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Movies that hack and slash

2013-07-02 10:05
Violence in Movies
Heads being squished to pulp. People torn to bits by rabid dogs. Buckets of blood gushing from open wounds. Violence in movies has been a debated subject and has arisen again recently when Jim Carrey pulled support from his latest movie Kick-Ass 2, tweeting that he cannot support a movie that condones such strong violence.

And with the surprise success of shocker The Purge, a movie about an alternate America where once a year all crime becomes legal, it is apparent that there is a big audience for gratuitous violence.

Like movie genres, you get different types of violence. You get the gore from the likes of horror movies like Saw and The Hills Have Eyes and the unfiltered action-violence from the Quentin Tarantino movies. Look at our list of the most famous movies of sliced limbs, rotting undead and flying kicks.

28 Days Later
This original take on a zombie apocalypse has violence as the main symptom of the ‘disease’. Infected people go into a continuous episode of rage and destroy everything in their path, showing how violence can lead to the downfall of humanity.

Although the violence is a little bloodier than your average superhero movie, Kick-Ass attracted controversy around one of its characters, namely Hit-Girl. She’s a mean fighting machine not afraid of killing and has the mouth of a sailor – and the actress playing her was eleven years old at the time.

Django Unchained
With three Academy Award nominations and two wins, Quentin Tarantino depicted the horror of slavery through excessive violence. Tarantino has had to defend his movies’ violence countless times, and the added element of race violence opened up a whole different can of worms. Those against Tarantino at least get to see him get blown up.

Sin City
It is hard to believe that this comic book gore noir comes from the same director that made Spy Kids. Even in black and white with splashes of colour, the severed limbs and bullets to the crotch make you wince at every point. Even the environment takes on the bloodlust of the characters.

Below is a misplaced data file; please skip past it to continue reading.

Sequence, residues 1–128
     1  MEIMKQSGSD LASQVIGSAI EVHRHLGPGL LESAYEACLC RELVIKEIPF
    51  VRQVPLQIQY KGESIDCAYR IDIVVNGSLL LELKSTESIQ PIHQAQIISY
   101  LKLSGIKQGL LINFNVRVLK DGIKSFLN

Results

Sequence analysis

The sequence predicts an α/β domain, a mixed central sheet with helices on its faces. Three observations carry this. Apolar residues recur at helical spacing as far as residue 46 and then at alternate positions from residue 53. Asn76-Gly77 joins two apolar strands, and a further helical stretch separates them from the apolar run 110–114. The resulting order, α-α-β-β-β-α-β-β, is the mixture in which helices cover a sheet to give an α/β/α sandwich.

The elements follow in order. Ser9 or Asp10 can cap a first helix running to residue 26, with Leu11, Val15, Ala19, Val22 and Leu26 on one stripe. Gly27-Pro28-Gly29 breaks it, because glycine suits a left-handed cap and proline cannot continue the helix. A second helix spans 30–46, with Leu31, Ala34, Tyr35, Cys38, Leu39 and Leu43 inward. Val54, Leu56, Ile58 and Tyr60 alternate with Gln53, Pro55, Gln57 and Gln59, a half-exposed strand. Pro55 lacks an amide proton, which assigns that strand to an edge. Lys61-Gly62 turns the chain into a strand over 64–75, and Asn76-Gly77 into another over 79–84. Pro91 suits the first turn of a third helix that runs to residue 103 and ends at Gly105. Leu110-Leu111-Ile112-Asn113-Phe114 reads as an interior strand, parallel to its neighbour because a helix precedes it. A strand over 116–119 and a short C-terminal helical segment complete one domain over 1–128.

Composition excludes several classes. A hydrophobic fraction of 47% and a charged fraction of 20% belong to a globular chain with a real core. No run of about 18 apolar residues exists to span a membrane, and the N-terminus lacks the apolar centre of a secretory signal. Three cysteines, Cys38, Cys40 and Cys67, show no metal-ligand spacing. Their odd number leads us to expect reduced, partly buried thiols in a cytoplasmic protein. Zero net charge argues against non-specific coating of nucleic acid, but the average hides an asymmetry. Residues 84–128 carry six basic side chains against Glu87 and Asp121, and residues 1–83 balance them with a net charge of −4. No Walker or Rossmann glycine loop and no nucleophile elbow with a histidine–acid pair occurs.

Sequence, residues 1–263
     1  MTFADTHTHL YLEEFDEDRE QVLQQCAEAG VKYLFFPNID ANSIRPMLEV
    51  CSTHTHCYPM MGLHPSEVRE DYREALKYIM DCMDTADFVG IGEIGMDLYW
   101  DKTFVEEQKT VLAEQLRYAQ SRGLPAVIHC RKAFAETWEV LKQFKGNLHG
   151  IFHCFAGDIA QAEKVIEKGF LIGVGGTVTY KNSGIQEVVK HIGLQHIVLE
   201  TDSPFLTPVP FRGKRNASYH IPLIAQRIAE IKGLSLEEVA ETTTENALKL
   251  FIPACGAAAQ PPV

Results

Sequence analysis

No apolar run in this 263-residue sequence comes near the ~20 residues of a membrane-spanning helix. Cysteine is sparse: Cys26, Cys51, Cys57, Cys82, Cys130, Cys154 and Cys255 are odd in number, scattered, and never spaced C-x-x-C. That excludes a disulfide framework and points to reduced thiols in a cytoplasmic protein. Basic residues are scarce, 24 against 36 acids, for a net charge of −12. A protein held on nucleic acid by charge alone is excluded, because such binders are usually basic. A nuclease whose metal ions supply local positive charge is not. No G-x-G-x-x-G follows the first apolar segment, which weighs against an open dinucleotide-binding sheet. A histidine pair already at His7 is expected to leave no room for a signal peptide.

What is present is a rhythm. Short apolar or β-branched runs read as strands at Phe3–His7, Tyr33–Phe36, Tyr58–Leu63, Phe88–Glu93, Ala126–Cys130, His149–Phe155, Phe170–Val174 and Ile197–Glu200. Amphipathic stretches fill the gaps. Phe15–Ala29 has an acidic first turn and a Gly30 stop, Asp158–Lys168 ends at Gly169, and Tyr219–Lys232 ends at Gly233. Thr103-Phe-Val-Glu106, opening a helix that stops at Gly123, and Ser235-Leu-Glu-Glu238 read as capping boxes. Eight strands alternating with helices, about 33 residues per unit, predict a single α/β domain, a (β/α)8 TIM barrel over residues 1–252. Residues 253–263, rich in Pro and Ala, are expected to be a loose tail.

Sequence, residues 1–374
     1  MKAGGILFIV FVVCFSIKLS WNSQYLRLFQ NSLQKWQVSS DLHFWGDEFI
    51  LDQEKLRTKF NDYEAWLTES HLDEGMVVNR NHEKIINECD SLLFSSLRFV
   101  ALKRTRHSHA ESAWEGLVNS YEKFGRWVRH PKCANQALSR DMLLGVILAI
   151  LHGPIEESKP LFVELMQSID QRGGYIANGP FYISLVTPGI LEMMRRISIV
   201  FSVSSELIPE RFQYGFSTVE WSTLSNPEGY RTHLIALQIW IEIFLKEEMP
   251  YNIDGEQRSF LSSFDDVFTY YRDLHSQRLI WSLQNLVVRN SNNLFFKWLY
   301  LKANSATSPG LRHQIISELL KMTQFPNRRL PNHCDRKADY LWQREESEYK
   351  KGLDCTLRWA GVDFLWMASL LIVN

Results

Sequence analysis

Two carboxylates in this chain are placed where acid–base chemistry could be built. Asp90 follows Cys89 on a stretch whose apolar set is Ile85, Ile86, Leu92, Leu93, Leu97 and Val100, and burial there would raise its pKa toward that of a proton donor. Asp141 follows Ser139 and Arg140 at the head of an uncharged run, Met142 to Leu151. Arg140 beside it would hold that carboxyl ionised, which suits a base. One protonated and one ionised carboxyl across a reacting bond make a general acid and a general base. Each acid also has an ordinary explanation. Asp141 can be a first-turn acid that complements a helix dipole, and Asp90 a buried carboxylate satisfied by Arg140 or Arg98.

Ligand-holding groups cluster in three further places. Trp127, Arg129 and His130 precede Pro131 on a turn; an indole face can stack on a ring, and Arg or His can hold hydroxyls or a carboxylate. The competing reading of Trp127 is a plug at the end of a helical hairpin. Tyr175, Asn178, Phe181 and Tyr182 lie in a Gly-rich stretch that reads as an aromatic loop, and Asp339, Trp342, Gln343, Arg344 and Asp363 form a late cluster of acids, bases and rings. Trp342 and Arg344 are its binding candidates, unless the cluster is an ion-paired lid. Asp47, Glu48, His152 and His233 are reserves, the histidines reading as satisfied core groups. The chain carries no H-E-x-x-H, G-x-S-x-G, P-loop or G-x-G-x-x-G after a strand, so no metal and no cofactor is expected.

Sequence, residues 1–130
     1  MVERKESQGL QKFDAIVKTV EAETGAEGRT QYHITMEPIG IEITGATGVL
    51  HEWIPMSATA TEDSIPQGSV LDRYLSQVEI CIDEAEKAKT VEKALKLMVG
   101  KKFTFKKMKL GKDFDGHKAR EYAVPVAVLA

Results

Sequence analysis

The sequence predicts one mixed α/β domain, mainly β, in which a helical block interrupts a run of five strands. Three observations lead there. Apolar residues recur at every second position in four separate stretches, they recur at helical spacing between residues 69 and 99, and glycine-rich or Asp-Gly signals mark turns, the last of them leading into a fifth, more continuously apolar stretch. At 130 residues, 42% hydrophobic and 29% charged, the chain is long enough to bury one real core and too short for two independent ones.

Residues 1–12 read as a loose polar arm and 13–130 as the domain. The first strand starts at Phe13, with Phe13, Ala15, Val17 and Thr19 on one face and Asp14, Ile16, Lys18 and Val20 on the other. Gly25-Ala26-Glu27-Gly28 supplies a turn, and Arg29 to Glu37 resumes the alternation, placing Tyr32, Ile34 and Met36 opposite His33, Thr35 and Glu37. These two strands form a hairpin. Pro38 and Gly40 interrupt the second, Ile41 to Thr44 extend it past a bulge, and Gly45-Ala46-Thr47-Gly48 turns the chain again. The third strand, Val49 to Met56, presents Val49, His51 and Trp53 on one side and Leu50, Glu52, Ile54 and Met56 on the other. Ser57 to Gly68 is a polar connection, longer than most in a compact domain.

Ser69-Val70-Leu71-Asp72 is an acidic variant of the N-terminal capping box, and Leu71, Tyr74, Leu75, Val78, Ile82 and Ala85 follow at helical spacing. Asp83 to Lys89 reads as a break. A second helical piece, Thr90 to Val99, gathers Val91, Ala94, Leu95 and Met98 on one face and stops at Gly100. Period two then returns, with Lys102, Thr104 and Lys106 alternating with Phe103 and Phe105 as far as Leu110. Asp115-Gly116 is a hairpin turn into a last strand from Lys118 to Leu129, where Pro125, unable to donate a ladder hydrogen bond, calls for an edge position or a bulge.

Evil Dead
Evil Dead takes your nightmares and injects it with horror steroids. The franchise has a big cult status and the 2013 remake has brought new interest to the series. Despite the advancement of CGI, the new movie is done with minimal computer graphics and relies heavily on make-up and stage-blood. Very old school!

Torture scenes have never been my strong point, but Saw deals with psychological as well as physical violence. And not mindless violence either. The Jigsaw Killer chooses victims that appear to be wasting their lives, and then puts them through painful puzzles so that they find their will to live again. This is one of the few horror franchises that became mainstream successful, with about seven feature films.

Hot Fuzz
Comedic violence has been around since Tom&Jerry, and no one does it as well as British Simon Pegg and Nick Frost duo. You wouldn’t expect such violence in a small town, but you can’t help laughing when a shotgun-wielding granny gets a flying kick to the face by Pegg. Violent? Yes. Funny? Most definitely.

Excessive movie violence will never go away, as well as the debate about its impact on society. But perhaps we should view it like a ‘purge’ – a release for the pent-up anger we harbour on a day-to-day basis.

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